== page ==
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Oregon Coastal Coho Salmon Could Be Stable Again In 10 Years: Feds


Oregon coast coho juvenile in the Siletz Basin

Oregon coast coho juvenile in the Siletz Basin

Conrad Gowell, Native Fish Society

Federal fisheries managers finalized a 10-year plan Wednesday to bring Oregon’s coastal coho back from threat of extinction. It lays out voluntary steps federal, state and private landowners should take to ensure recovery of the species.  

Under the Endangered Species Act, fish and wildlife managers are required to create recovery plans for listed species. Oregon coast coho are currently listed as “threatened.”

The plan will be used by federal agencies as guidance when making management decisions affecting the salmon’s range. The National Oceanic and Atmospheric Administration fishery division cannot use the plan to compel conservation action by states and private landowners.   

That said, coastal coho likely wouldn’t be removed from the endangered species list without private and public landowners taking some conservation actions outlined in the plan.  

Oregon coastal coho can be found in rivers between Seaside and Port Orford.  The runs once numbered more than a million fish annually. In the past few years it’s been between 50,000 and 350,000 fish. Recent discrepancies in runs can largely be blamed on poor ocean conditions linked to climate change.  

“Salmon numbers will always vary with ocean conditions, but the plan seeks to improve habitat so that salmon are resilient to those changes,” said NOAA Fisheries spokesman Michael Milstein.  

NOAA’s Oregon Coast Recovery Coordinator Rob Walton says West Coast salmon face threats from dams, overfishing, hatcheries and loss of habitat.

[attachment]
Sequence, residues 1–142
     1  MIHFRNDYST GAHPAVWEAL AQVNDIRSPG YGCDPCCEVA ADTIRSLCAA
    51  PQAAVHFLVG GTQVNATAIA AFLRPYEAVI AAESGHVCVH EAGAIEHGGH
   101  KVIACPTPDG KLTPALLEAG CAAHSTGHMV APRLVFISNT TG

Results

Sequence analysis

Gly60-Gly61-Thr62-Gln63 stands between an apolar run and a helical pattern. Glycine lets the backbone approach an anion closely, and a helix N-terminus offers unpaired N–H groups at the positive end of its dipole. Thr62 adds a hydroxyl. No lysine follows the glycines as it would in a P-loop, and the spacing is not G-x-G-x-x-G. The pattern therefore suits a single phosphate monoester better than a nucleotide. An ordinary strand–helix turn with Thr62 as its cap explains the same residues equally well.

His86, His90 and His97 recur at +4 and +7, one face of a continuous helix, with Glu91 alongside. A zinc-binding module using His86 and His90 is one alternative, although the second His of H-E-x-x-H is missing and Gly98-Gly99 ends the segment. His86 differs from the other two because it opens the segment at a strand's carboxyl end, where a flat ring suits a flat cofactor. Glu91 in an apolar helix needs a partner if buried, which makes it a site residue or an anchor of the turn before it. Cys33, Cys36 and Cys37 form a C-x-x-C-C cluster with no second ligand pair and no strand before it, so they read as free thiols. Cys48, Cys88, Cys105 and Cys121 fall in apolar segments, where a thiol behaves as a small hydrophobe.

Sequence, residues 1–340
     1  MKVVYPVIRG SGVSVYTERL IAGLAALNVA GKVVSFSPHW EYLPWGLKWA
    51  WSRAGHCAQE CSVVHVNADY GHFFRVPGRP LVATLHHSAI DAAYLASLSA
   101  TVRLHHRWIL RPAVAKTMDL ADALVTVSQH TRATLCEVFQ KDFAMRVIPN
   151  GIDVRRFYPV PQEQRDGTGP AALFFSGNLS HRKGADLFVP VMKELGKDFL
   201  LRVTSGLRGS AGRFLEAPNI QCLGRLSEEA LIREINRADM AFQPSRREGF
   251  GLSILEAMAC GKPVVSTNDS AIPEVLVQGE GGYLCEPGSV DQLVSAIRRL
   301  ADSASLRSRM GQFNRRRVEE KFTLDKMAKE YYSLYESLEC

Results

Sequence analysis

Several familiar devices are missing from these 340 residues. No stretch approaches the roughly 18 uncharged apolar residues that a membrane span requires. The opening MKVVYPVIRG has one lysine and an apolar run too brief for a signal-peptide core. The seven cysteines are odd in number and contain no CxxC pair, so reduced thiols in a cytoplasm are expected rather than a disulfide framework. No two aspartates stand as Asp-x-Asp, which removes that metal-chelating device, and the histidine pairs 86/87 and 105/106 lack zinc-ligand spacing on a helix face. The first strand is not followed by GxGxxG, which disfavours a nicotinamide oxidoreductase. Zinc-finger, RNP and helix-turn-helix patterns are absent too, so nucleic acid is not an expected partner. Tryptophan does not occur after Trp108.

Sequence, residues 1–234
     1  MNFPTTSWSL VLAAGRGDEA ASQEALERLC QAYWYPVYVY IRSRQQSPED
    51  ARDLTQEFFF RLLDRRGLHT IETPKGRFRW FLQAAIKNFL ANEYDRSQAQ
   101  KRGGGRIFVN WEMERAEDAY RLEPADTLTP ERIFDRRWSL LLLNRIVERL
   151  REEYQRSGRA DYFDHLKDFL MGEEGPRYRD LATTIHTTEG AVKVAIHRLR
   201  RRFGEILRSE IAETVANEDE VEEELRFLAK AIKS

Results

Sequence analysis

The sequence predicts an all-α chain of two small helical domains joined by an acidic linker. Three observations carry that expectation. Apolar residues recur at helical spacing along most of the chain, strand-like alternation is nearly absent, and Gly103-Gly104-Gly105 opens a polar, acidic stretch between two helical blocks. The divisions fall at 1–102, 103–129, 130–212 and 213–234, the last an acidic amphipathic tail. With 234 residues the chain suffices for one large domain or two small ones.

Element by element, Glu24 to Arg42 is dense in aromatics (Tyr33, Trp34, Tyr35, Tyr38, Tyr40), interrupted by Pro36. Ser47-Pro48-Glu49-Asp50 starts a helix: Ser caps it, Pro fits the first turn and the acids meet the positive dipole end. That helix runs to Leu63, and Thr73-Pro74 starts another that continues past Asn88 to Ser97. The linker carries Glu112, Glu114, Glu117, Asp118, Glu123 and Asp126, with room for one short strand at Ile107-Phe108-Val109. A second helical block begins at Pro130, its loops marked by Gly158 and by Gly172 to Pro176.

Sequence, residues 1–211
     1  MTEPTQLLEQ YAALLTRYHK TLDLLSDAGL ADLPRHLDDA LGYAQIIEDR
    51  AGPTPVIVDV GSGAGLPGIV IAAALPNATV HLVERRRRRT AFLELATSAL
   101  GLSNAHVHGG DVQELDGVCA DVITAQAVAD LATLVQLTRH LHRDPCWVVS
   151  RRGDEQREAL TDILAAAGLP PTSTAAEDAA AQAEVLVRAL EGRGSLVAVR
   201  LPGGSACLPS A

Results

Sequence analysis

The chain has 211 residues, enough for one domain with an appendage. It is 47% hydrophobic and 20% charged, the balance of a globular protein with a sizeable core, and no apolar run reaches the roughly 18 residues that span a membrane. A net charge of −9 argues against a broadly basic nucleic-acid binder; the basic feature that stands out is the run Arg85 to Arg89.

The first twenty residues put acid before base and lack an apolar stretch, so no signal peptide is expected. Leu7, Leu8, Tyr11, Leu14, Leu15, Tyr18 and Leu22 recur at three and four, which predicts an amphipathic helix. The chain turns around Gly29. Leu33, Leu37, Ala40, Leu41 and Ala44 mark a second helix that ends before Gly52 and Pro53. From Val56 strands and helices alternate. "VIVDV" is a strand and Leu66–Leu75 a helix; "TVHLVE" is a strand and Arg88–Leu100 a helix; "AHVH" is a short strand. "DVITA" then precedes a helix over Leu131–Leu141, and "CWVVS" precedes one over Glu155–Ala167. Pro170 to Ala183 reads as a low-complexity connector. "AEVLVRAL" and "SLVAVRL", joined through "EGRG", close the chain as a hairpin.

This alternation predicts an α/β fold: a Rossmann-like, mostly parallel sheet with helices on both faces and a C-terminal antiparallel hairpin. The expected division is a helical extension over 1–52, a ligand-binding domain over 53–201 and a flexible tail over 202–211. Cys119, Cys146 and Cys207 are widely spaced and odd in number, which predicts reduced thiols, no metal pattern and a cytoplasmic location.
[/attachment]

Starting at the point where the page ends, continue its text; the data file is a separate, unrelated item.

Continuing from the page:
But Oregon coast coho, an evolutionary distinct subset of larger Pacific coho populations, aren’t significantly affected by dams. Overfishing and hatchery issues, while significant factors in the coho’s initial decline, are largely problems of the past.   

For Oregon coast coho, habitat loss and degradation is the biggest challenge. Young coho need a complex network of streams, wetlands and estuaries to thrive.   

“We need to add to [habitat] but we do not need complete restoration of historical conditions,” said Walton.  “If we can increase quantity and quality of rearing habitat in a volunteer plan, we’re optimistic that we can get to recovery within the next 10 years.”  

That’s a very quick recovery window compared to other endangered salmon on the West Coast.  Walton says it’s a testament to how relatively healthy the Coho population is and how much work has already been done to recover the species.  

The plan recommends specific conservation actions tailored to each watershed in the salmon’s range, including changes to agriculture, timber and mining practices. 

The Oregon Department of Forestry is currently updating stream buffer rules on state and private timberland.  It’s a point of contention if those changes are substantial enough to have a significant impact. But it’s these kinds shifts in how forests and waterways are managed that are echoed in the federal plan.  

Conrad Gowell of the Native Fish Society says this Oregon coast coho plan is different from those of the past because it gives a more nuanced picture of success.

“We’re starting to shift the idea of what recovery is,” he says. 

NOAA isn’t just looking for a specific number of salmon to return to Oregon’s rivers.  It looking at other factors such as how well the coho are distributed and behavioral differences in the population.  Gowell says this is a positive development.  

 “What constitutes health for coho salmon?” he asks. “It’s not just a bunch of fish.  It’s fish using different habitats and spawning at different times.”  

This more holistic approach improves resilience, making things like policy shifts, climate change and natural disasters less likely to put the Oregon coast coho at risk of extinction in the future.

 

 

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